A few weeks ago I wrote here that analysts who didn’t own the stocks they recommended were not to be trusted. Today I see that Felix Salmon over at Portfolio has up his own take on the subject, more or less arguing the opposite. I have invited him to have a little debate here.
June 25/2008 — 10:10am
Felix. You argue that analysts shouldn’t own the stocks they cover. I have argued the opposite, so we disagree. Let’s have it out.
The essence of your argument is three-fold:
- Institutional investors ignore analysts’ buy/sell recommendations. It is their analysis that counts.
- Owning or being short the stocks would introduce behavioral biases.
- Analysts can’t pick stocks anyway, so having them own the stocks they cover wouldn’t improve things.
Saying that institutional investors ignore analysts’ buy/sell recommendations is both a broad statement and an untrue one. While some institutions ignore analyst recommendations, many others don’t. Matter of fact, I am familiar with both quantitative and non-quantitative investors for whom analyst recommendations are key factors in their investing. For example, among the best performing factors in some current quant funds’ models is relative changes in consensus recommendations, while the underlying analysis to which you attach so much importance is irrelevant.
It is, in short, untrue and simplistic to say that institutional investors ignore buy/sell recs. There is ample evidence to the contrary, both at quant and non-quant funds.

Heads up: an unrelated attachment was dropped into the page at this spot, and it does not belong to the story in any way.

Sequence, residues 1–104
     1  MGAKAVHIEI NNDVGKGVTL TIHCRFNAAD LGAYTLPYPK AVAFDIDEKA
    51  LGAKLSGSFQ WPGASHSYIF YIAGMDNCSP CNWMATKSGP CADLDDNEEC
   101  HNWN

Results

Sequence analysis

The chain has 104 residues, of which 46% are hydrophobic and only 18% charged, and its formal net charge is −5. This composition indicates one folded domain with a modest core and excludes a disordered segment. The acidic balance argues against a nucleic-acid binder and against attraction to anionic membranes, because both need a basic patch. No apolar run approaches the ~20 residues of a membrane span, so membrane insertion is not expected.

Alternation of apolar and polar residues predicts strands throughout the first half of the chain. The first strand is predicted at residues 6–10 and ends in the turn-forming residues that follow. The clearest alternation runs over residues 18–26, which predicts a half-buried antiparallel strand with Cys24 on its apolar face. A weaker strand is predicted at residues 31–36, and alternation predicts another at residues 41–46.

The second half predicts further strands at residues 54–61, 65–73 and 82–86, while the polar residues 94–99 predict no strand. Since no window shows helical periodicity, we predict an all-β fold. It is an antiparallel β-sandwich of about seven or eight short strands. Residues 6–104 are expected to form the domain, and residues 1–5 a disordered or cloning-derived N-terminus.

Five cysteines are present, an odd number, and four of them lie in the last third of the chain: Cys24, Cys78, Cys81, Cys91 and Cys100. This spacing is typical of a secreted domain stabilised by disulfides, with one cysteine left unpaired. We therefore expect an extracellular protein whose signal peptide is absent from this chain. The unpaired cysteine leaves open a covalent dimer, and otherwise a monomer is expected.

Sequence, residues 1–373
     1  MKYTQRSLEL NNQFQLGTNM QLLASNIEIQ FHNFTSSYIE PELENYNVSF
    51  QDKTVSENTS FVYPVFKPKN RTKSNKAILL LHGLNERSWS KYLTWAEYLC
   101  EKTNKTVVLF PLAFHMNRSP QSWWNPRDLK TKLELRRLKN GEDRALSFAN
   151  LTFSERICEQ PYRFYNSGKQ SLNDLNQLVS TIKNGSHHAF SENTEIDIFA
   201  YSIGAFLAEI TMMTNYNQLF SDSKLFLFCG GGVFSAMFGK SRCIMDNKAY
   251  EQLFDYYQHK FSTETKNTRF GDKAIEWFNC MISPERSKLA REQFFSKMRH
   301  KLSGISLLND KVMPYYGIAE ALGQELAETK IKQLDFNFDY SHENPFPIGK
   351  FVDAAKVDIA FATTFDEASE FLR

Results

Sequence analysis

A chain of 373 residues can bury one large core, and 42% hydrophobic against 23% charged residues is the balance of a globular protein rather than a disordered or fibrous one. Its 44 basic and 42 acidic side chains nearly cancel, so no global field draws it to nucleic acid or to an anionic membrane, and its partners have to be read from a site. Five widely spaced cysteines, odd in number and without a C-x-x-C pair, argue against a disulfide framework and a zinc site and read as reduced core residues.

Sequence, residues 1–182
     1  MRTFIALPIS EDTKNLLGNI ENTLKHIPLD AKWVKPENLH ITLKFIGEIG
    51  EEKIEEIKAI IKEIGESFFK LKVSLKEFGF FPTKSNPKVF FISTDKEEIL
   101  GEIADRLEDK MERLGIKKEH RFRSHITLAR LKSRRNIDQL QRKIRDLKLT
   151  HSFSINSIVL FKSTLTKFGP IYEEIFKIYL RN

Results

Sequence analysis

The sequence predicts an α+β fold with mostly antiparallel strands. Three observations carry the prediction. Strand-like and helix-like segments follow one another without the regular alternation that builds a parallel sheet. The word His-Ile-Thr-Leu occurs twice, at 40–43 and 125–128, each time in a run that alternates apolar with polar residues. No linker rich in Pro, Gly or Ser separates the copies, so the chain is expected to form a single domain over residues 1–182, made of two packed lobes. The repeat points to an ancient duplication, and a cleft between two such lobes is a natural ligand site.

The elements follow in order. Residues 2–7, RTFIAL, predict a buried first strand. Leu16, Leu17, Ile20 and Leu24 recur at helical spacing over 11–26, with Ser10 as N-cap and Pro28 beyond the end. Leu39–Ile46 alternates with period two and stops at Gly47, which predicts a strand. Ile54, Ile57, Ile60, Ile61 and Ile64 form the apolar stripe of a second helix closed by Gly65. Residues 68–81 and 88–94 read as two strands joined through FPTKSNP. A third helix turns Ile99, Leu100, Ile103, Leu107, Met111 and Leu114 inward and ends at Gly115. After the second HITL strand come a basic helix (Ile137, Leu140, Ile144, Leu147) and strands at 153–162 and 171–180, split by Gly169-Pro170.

Second, there is no question that owning stocks would create behavioral biases. But those biases exist anyway via the pegging of one’s reputation to one’s picks. Pretending that you can disassociate yourself from your picks as analyst, whether you own the stock or not, is just not the reality of the business. I speak from painful experience here.
Finally, saying that analysts can’t pick stocks, so we shouldn’t let them own stocks, strikes me as a heady mixture of cynicism and paternalism. We should let them go on publicly pretending they can pick stocks via price targets, earnings recommendations, and buy/sell ratings, but we should all, nudge-nudge wink-wink, ignore those things because we know it’s all a fraud.
The trouble is, first, they do hold themselves out as stockpickers. And since i-banking no longer pays the bills, it is through stock-picking they are paid, it is difficult for me to fathom why you insist they are not stock-pickers. They may be, as a group, poor stock-pickers, but that is a different problem — and one that allowing them to be paid better via owning their picks might help fix.
Over to you, Felix.